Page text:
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Zip-lining instructor helping a woman buckle in for a zip

Thorough Training Makes for Enhanced Canopy Tour Experience

By Bruce Lessels

CHARLEMONT, MA — Zip guide Zach Morris stood on a platform, high up under a heavy canopy of maple and beech
trees, on the first day of a week-long training for new guides at Zoar Outdoor one June afternoon.
As Morris began to lead trainee Abby Schlinger in belaying down to the ground, he noticed that each of their lanyards, which serve as their primary safety devices, were entwined. Morris didn’t panic. He taught the group a lesson on troubleshooting. “Hey, everybody,” he said, calling down to the trainees, standing below on the forest floor. “I’m going to take this moment to teach you about lanyard entanglement.”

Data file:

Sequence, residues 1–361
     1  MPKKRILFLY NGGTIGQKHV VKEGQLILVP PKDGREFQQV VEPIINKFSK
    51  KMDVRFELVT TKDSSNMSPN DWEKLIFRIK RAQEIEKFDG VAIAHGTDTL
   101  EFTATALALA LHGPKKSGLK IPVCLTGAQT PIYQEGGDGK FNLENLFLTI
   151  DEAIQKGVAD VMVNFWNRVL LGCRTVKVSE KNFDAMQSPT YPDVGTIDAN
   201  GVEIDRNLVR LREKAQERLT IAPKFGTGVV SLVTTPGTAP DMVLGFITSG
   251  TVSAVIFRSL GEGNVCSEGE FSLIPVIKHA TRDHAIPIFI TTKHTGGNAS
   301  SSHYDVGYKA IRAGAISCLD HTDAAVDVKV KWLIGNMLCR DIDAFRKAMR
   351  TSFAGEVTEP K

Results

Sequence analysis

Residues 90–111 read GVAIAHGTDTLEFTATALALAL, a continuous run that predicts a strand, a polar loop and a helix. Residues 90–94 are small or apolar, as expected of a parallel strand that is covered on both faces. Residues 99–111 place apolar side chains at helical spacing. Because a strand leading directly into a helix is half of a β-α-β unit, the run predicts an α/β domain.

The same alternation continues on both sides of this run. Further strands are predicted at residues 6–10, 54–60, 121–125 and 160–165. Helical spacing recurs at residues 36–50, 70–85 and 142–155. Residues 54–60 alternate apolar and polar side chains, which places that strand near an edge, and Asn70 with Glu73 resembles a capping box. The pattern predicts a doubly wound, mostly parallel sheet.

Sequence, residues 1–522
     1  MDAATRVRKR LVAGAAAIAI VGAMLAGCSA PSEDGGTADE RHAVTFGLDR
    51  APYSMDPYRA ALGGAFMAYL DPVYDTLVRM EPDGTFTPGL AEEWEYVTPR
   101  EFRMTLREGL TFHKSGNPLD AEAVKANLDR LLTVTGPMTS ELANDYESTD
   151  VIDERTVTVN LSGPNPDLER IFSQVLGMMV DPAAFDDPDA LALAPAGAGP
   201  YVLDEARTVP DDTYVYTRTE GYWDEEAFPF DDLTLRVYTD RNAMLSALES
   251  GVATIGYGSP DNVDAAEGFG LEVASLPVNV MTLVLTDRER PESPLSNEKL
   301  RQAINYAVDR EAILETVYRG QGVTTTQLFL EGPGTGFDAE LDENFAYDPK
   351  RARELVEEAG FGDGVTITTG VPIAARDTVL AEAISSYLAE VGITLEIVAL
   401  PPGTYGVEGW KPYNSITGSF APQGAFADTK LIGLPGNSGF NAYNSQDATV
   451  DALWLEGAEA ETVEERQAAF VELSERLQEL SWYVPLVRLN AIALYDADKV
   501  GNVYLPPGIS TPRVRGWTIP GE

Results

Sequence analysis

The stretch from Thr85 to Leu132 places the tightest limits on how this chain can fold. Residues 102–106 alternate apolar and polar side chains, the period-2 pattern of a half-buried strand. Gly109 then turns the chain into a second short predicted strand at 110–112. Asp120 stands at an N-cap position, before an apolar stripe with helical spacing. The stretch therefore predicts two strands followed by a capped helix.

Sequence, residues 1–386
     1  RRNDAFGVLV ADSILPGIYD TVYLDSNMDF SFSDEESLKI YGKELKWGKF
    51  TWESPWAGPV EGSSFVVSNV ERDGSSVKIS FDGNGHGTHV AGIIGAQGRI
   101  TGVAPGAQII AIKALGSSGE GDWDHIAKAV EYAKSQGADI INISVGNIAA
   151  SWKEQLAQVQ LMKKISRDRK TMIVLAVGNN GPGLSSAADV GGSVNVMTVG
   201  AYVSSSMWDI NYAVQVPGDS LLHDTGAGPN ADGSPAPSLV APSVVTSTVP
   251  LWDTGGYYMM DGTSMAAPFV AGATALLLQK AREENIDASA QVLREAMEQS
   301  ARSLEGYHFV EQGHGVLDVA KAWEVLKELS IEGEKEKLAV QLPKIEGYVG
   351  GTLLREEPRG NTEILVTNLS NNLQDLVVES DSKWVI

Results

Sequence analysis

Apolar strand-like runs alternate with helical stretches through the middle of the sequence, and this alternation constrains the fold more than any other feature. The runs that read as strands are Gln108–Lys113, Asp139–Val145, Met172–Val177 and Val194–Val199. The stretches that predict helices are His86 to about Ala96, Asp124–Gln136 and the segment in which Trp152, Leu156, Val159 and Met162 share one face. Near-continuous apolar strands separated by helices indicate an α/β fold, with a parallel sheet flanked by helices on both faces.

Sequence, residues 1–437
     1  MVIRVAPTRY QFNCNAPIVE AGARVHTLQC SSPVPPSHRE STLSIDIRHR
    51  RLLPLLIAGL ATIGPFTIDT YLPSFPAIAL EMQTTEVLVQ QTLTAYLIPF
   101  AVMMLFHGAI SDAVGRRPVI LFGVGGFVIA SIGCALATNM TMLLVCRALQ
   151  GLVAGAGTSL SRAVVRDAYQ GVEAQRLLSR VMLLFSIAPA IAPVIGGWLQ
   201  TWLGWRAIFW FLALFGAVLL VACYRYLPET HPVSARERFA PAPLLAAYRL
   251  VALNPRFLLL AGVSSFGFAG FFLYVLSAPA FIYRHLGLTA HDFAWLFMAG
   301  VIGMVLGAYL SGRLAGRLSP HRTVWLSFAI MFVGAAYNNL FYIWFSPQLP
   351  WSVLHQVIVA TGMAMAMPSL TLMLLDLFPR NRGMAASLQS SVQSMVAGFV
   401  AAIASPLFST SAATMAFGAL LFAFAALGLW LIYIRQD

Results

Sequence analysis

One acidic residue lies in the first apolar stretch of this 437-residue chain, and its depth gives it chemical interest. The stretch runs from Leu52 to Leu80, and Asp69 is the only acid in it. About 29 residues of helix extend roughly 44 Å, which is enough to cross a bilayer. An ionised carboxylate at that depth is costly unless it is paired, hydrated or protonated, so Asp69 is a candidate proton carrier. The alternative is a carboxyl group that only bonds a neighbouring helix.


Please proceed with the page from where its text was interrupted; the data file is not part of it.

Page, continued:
Morris held up both his and Schlinger’s lanyards to show trainees that they were clearly crossing one another. “It’s awkward, not dangerous,” he said. “It happens all the time.” As he pulled Schlinger back toward him, Morris explained to the group that had Schlinger begun to belay, he would have gotten tugged toward her, but he would not have fallen, as his lanyard was also secured to the tree—standard procedure.
Morris used exaggerated gestures to detangle the two lanyards and then began anew the process of sending Schlinger down to the ground. “We’re good to go,” he said, adding, “We’ll go over it a million times. Don’t worry.”


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